of foreclosure,, who ‘s going to be able
    to afford the crap

  140. Schumpeter says:

    Instead of foxes, we can hunt Graydons and Ellerys.

    Hope I get to ’em before the dogs do.

  141. Meter,

    I figure I’m down about $20,000 per year annualized since I bought my home back in 2004. Now compared to renting, I’m still ahead of the game. If my home drops another $100,000 over the next 2 years, then my annualized loss is $28,500 per year. That equates to having paid $2400 in rent over the seven year time period. $2,400 rent could have gotten me a much nicer place than my current home. At what point should I feel guilty about screwing the banks. Remember the banks are the experts in this case. They provided the original appraisal on the property and they are the loan experts. Why should I feel one ounce of guilt for their poorly planned decision to loan me a home?

    Lord knows that if I didn’t act responsibly and put down 20%, I would have jingle mailed it in a long time ago.

    Anyone here who feels sympathy for the same banks that your tax dollars bailed out needs to have a lobotomy performed at once.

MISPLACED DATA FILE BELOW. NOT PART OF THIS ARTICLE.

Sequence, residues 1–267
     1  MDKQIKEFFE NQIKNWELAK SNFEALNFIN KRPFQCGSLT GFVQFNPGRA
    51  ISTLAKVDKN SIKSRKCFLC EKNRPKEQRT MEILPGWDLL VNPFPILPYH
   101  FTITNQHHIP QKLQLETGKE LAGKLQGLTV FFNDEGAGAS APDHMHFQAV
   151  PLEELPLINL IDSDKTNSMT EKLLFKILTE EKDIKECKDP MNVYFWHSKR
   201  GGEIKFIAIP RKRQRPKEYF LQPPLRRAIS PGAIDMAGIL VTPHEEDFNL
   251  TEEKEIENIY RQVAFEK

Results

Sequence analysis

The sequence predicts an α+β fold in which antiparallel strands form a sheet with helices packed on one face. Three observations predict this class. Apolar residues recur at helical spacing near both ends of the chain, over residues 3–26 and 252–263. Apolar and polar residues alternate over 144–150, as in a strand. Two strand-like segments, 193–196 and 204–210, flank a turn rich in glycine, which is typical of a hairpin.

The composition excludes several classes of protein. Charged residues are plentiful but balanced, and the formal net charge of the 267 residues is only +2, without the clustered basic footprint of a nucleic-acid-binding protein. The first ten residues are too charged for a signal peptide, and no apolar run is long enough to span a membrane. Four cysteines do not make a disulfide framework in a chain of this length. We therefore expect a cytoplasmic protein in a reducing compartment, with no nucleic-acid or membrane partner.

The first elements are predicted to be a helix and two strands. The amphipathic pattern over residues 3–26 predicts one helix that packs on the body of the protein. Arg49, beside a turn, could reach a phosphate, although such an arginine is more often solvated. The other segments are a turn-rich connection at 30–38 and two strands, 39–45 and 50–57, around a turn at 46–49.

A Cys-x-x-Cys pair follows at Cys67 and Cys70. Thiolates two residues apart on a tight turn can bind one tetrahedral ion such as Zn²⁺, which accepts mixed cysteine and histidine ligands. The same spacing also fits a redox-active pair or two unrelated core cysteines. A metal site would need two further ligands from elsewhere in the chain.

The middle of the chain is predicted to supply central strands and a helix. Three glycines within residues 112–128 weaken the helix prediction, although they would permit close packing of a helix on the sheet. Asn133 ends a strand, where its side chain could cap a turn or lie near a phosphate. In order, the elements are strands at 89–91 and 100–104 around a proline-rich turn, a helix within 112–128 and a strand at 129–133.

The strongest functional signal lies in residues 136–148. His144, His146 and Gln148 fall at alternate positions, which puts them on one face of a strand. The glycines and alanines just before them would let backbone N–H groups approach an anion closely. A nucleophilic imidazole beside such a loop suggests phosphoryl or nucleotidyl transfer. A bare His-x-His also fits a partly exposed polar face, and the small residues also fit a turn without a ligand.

Credit score, schmedit score. If you continue to pay twice what your home is worth every month to your bank, then your credit score won’t be worth sh1te anyway as you will have no money left to make a major purchase in the future.

  142. Schumpeter says:

    Afford? You don’t have to be able to afford…just clever enough to dupe the lender.

  143. Barbara says:

    144. schumpt
    That gets me mad

  144. Schumpeter says:

    If your FICO gets busted down to 580-620, you actually have a very minor credit problem (if any).

    12-24 months of effort, and that number will start going up again.

  145. Schumpeter says:

    Barb (149)-

    Don’t hate the playa. What else could happen in a situation where banks repossess worthless collateral?

    You either mark it down or Ponzi your ass off. To the banks, this is a no-brainer choice.

  146. Schumpeter says: